Horror artists and writers can, and do, accomplish an effect similar to that of glamour photographers. By associating their characters, whether they are victims, monsters, heroes, or others, with horrific props and inserting them, so to speak, into “brooding atmospheres,” they enhance the horrific effects of their illustrations or descriptions, imparting to them a “borrowed malice,” as it were.
In the opening paragraph of his short story, “The Fall of the House of Usher,” Edgar Allan Poe associates a mansion with a human being, or, more specifically, with a human face, in his use of the twice-repeated phrase “eye-like windows,” but his description of the house also associates the edifice with such negative emotions as “melancholy,” “a sense of insufferable gloom,” “an utter depression of soul,” and an “iciness, a sinking, a sickening of the heart--an unredeemed dreariness of thought.” The countryside in which the estate is laid is characterized as “singularly dreary,” and the house is described as being equipped with “bleak walls” and “vacant eye-like windows.” Even the landscaping of the grounds is unrelieved by beauty and is, in fact, associated with images of death and decay: there are nothing more than “a few rank sedges” and “a few white trunks of decayed trees,” which are “gray” and “ghastly,” and the reader wonders, at the very outset of the story, whether the atmosphere is truly this horrific or whether it is the narrator--or even the house itself, casting a spell, as it were, upon the narrator--that makes the property seem so appalling:
During the whole of a dull, dark, and soundless day in the autumn of the year, when the clouds hung oppressively low in the heavens, I had been passing alone, on horseback, through a singularly dreary tract of country; and at length found myself, as the shades of the evening drew on, within view of the melancholy House of Usher. I know not how it was; but, with the first glimpse of the building, a sense of insufferable gloom pervaded my spirit. I say insufferable; for the feeling was unrelieved by any of that half-pleasurable, because poetic, sentiment, with which the mind usually receives even the sternest natural images of the desolate or terrible. I looked upon the scene before me--upon the mere house, and the simple landscape features of the domain--upon the bleak walls--upon the vacant eye-like windows--upon a few rank sedges--and upon a few white trunks of decayed trees--with an utter depression of soul which I can compare to no earthly sensation more properly than to the after-dream of the reveler upon opium--the bitter lapse into every-day life--the hideous dropping off of the veil. There was an iciness, a sinking, a sickening of the heart--an unredeemed dreariness of thought which no goading of the imagination could torture into aught of the sublime. What was it--I paused to think--what was it that so unnerved me in the contemplation of the House of Usher? It was a mystery all insoluble; nor could I grapple with the shadowy fancies that crowded upon me as I pondered. I was forced to fall back upon the unsatisfactory conclusion that while, beyond doubt, there are combinations of very simple natural objects which have the power of thus affecting us, still the analysis of this power lies among considerations beyond our depth. It was possible, I reflected, that a mere different arrangement of the particulars of the scene, of the details of the picture, would be sufficient to modify, or perhaps to annihilate its capacity for sorrowful impression; and, acting upon this idea, I reined my horse to the precipitous brink of a black and lurid tarn that lay in unruffled luster by the dwelling, and gazed down--but with a shudder even more thrilling than before--upon the remodeled and inverted images of the gray sedge, and the ghastly tree stems, and the vacant and eye-like windows.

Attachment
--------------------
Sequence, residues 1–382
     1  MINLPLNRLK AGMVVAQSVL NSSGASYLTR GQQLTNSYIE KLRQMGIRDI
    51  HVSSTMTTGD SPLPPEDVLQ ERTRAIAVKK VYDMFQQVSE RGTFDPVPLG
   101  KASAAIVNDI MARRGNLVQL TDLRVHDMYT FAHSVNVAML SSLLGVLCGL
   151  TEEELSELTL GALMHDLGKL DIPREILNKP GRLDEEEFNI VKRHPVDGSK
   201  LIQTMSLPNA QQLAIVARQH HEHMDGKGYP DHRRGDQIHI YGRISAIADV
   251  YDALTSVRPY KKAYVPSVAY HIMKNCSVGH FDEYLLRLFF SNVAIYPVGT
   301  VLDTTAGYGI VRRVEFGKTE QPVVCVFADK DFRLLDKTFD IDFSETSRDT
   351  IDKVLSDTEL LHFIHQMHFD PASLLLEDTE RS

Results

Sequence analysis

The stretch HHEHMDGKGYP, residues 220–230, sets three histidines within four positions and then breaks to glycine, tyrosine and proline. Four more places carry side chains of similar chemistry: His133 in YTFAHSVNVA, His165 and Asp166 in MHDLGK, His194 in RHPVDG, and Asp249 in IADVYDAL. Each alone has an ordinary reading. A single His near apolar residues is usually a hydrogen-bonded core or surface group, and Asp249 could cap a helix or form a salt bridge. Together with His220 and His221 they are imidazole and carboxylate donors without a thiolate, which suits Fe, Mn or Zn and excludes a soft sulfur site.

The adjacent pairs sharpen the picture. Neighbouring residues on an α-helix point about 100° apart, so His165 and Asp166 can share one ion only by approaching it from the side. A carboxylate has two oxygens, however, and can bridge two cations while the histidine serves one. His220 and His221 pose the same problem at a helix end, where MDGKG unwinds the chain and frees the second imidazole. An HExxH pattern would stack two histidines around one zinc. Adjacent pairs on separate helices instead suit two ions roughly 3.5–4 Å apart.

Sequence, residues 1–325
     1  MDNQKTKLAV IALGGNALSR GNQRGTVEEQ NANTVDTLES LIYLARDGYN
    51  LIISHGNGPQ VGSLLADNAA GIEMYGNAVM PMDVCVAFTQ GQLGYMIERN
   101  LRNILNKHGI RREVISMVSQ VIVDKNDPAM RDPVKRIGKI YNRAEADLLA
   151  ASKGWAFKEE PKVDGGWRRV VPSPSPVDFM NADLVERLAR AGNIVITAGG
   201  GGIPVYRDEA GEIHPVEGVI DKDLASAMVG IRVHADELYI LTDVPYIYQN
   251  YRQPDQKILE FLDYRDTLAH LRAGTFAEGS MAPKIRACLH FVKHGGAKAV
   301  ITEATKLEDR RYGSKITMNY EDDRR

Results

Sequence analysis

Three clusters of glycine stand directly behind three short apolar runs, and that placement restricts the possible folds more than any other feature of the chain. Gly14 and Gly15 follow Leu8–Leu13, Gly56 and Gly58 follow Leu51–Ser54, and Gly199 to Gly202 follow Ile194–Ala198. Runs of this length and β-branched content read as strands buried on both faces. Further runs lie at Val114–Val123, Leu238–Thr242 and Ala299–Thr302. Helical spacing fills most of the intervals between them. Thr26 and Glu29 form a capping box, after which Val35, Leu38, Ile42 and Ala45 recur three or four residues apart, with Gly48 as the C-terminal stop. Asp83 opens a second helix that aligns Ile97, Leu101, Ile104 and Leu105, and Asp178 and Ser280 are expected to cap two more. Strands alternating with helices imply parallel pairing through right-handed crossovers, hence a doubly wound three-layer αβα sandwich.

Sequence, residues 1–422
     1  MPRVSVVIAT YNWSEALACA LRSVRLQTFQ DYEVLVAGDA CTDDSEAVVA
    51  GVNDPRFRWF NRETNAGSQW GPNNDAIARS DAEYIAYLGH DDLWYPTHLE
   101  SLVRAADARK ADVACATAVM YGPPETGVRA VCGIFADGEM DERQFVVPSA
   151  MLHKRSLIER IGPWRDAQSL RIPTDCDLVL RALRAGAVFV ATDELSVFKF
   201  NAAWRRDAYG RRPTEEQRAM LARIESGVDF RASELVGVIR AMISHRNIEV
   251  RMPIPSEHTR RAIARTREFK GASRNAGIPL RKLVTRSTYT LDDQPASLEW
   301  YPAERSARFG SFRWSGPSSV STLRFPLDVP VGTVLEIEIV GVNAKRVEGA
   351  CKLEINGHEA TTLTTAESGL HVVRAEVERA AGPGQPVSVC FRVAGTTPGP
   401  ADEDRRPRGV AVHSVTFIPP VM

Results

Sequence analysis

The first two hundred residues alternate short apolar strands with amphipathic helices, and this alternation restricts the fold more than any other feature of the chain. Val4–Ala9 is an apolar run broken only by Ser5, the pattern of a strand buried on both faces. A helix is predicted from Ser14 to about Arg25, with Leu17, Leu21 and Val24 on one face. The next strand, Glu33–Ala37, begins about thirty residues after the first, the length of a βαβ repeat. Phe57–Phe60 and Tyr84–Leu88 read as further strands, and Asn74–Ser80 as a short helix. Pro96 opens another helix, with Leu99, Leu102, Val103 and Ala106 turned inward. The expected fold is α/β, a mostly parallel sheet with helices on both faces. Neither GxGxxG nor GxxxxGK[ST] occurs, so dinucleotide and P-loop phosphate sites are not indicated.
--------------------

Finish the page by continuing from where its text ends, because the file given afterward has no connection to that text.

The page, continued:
Poe’s description of Usher’s dwelling is the prototypical picture of the haunted house, and other artists, both literary and visual, have followed his lead, as can be seen both by the house that Psycho’s Norman Bates calls home and the domicile that houses the Amityville horrors (notice its “vacant, eyelike windows”).
The aspiring writer, whether of romance or horror, does well to remember and to employ the same tactics that artists as diverse as glamour photographers and masters of the macabre use, albeit for vastly different purposes, to enhance, in the former’s case, the beauty of a beautiful model and, in the latter’s case, to embellish the horror of the horrific subject: associate the character with beauty to make her more beautiful still or with the grotesque to make him even more bizarre and horrible. Whether by borrowed beauty or borrowed malice, a character can be made to seem all the lovelier or more malevolent, as the case may be.